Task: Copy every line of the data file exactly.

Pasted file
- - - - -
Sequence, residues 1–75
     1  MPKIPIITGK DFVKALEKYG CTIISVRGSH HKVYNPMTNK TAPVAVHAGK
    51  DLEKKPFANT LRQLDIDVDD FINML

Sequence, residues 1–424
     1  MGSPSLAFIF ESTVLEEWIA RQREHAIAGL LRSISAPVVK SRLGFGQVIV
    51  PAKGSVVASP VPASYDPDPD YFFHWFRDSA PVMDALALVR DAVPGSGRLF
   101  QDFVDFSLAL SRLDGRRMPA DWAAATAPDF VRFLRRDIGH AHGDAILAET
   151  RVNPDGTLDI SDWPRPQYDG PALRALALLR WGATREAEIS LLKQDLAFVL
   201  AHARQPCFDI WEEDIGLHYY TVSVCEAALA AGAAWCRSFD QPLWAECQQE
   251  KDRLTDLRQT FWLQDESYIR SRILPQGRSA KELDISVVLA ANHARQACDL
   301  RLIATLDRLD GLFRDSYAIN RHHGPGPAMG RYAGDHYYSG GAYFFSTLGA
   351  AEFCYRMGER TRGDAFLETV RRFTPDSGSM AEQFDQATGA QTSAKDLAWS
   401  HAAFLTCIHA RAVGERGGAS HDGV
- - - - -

Sequence, residues 1–75
     1  MPKIPIITGK DFVKALEKYG CTIISVRGSH HKVYNPMTNK TAPVAVHAGK
    51  DLEKKPFANT LRQLDIDVDD FINML

Sequence, residues 1–424
     1  MGSPSLAFIF ESTVLEEWIA RQREHAIAGL LRSISAPVVK SRLGFGQVIV
    51  PAKGSVVASP VPASYDPDPD YFFHWFRDSA PVMDALALVR DAVPGSGRLF
   101  QDFVDFSLAL SRLDGRRMPA DWAAATAPDF VRFLRRDIGH AHGDAILAET
   151  RVNPDGTLDI SDWPRPQYDG PALRALALLR WGATREAEIS LLKQDLAFVL
   201  AHARQPCFDI WEEDIGLHYY TVSVCEAALA AGAAWCRSFD QPLWAECQQE
   251  KDRLTDLRQT FWLQDESYIR SRILPQGRSA KELDISVVLA ANHARQACDL
   301  RLIATLDRLD GLFRDSYAIN RHHGPGPAMG RYAGDHYYSG GAYFFSTLGA
   351  AEFCYRMGER TRGDAFLETV RRFTPDSGSM AEQFDQATGA QTSAKDLAWS
   401  HAAFLTCIHA RAVGERGGAS HDGV